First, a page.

It is important to know your vulnerabilities.

If you are in a communications crisis situation, especially an adversarial reputation crisis, one of the first things you must understand is what are your vulnerabilities.

A vulnerability is a place where your detractors can hit you that will cause real damage. It doesn’t matter if 50,000 strangers on the Internet think you’re a jerk if it doesn’t affect you in any material way. However, if that message reaches certain key people, then it can be profoundly impactful.

Bosses. Clients. Business partners. Business associates. Family and friends. These are just a few examples people whom it would be very bad if they were to be affected by the misinformation being spread about you.

Taking action to defend vulnerabilities

If you are dealing with a misinformation situation, and the truth is really on your side (if the truth is not on your side, you need to get yourself in the right first) then there are few things you must do.

First, identify where your vulnerabilities exist. Do you have a boss who could fire you? Do you have key clients who might believe the stories?

Next, determine the best way to make sure that the story will not impact these areas of your life. Sometimes, it’s simply a matter of knowing that you have sufficient trust with this person that they’ll stand by you. In other cases, you may want to tell them about the situation before they hear about it somewhere else.

There will also be cases where it’s not clear how big the firestorm will get, and you want to be careful not to spread the rumors where they would not go on their own. In those cases, you may just want to monitor the situation and be ready to respond if someone close to you does hear the story but not share it yourself.

The better people know you, the less likely they are to believe lies about you. This is why building a personal network is extremely important.

Awareness is key

Regardless of what action seems most prudent, awareness is most important. You must know where you vulnerabilities exist and give some thought to how you can defend those vulnerabilities.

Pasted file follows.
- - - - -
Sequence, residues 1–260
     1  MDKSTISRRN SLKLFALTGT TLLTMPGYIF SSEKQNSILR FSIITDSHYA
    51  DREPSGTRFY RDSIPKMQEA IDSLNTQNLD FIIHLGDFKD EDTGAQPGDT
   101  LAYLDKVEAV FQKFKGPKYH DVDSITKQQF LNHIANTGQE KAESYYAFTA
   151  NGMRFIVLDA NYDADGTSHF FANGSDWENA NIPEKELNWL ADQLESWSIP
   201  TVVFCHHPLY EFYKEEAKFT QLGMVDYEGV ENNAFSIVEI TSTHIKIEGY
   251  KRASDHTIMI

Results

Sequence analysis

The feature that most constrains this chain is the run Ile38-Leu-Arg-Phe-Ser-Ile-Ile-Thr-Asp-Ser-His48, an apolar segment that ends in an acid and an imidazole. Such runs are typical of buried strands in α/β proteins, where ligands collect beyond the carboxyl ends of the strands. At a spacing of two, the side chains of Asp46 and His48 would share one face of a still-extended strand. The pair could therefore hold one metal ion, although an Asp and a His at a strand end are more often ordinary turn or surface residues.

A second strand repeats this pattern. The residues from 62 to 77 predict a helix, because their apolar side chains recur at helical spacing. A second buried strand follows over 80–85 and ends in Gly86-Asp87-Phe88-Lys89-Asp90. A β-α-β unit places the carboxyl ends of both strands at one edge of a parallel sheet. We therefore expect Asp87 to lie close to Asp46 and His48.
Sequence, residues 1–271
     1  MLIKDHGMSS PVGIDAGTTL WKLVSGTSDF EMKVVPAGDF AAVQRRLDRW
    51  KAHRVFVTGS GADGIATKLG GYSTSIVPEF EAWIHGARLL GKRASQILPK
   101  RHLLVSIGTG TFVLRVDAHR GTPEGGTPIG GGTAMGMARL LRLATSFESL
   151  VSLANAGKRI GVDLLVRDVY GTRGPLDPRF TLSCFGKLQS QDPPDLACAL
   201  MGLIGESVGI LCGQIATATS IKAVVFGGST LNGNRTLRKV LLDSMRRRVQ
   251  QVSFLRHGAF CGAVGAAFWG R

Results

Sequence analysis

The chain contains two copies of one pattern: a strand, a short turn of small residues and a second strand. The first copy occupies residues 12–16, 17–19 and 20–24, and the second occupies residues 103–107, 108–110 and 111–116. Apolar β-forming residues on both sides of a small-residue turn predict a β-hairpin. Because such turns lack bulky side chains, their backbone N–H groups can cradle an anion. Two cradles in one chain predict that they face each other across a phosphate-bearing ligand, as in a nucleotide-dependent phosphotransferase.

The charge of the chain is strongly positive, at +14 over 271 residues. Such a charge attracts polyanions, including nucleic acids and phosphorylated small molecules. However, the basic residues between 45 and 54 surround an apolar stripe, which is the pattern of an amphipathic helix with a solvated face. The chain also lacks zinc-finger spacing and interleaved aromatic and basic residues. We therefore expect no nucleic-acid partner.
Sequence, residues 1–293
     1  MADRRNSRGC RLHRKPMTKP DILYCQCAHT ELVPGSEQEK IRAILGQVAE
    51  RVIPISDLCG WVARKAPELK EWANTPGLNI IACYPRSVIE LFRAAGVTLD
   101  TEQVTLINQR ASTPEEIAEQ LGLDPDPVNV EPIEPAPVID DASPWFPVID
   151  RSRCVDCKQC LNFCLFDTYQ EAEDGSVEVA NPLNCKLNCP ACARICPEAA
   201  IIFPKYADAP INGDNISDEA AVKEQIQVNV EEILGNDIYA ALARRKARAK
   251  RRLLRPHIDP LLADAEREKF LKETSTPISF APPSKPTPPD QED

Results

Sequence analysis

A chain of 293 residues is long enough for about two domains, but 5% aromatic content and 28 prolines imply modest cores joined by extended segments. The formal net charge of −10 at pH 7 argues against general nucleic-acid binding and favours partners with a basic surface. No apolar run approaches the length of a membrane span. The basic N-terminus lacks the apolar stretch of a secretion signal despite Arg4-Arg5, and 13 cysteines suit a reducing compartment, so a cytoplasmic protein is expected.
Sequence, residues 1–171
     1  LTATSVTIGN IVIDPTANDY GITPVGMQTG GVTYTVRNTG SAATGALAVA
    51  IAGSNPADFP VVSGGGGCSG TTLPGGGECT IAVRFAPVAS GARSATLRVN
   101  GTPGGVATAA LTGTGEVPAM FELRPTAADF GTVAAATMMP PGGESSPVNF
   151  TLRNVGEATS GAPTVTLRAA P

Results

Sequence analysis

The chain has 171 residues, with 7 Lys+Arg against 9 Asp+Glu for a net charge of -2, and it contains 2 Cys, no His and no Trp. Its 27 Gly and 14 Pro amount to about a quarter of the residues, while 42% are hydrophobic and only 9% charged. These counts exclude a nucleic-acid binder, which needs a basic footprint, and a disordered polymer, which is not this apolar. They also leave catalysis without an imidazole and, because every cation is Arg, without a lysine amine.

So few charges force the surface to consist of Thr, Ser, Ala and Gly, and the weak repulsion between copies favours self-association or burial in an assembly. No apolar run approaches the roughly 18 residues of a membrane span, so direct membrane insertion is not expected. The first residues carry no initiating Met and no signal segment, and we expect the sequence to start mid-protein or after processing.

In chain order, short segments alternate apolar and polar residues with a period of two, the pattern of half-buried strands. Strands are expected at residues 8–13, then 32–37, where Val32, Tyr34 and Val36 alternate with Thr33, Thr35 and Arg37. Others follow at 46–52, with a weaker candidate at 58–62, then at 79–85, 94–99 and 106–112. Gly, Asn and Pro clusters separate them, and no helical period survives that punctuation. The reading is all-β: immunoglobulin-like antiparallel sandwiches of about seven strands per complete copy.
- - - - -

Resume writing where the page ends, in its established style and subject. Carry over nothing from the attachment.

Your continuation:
You can’t protect what you don’t understand.

Are you facing a situation where a rumor or misinformation is threatening to cause real damage in your life? We can help. Contact us.

Outrage Tactics

What are outrage tactics? Outrage tactics comprise a communications strategy employed to general an emotional response to an issue by conflating it with a second issue about which people are inclined to become outraged.

Outrage tactics
Anything can be the subject of outrage tactics.

Politicians and pundits often use outrage tactics in to energize and motivate the base to action. “The War On Christmas,” “Rape Culture,” “Culture Wars,” “Patriarchy.” These are all terms which are used by people looking to stir up outrage which creates engagement. Once engaged, a person becomes more inclined to write letters, comment, share posts, show up to rallies, and share the idea with friends (and everyone else).

Voters can be polarized by these tactics. They  can be driven to vote for candidates who might not support their interests because they are convinced that the opponent is the enemy of Christmas or women or morality or immigrants or any other group or idea that the voter cares about.

Social media platforms like Twitter can be particularly effective in fanning the flames of outrage. People reflexively share items which trigger an emotional response, allowing a meaningless or even false story to spread with alarming velocity.

Recently, we saw the example of the gender neutral Santa controversy. It was almost entirely invented to generate marketing attention, web site clicks, and political traction, and the public ate it up.

An Adversarial Reputation Crisis (ARC) may be driven with outrage tactics, in which the target is tied to a concept that the audience is inclined to become outraged about. The detractor can link the target to an outrageous idea, which psychologically transfers the outrage from the idea to the target. This is unfortunately quite effective when a detractor is trying to take down a target for a relatively minor offense.

When you see an issue that is so outrageous it can’t possibly be true, consider the possibility that it might not be true. Who stands to gain by your outrage? Is your inclination to say “well, that’s just too much!” being manipulated?

Want to learn more about outrage tactics or want to connect with us? We’d love to talk to you. Contact us.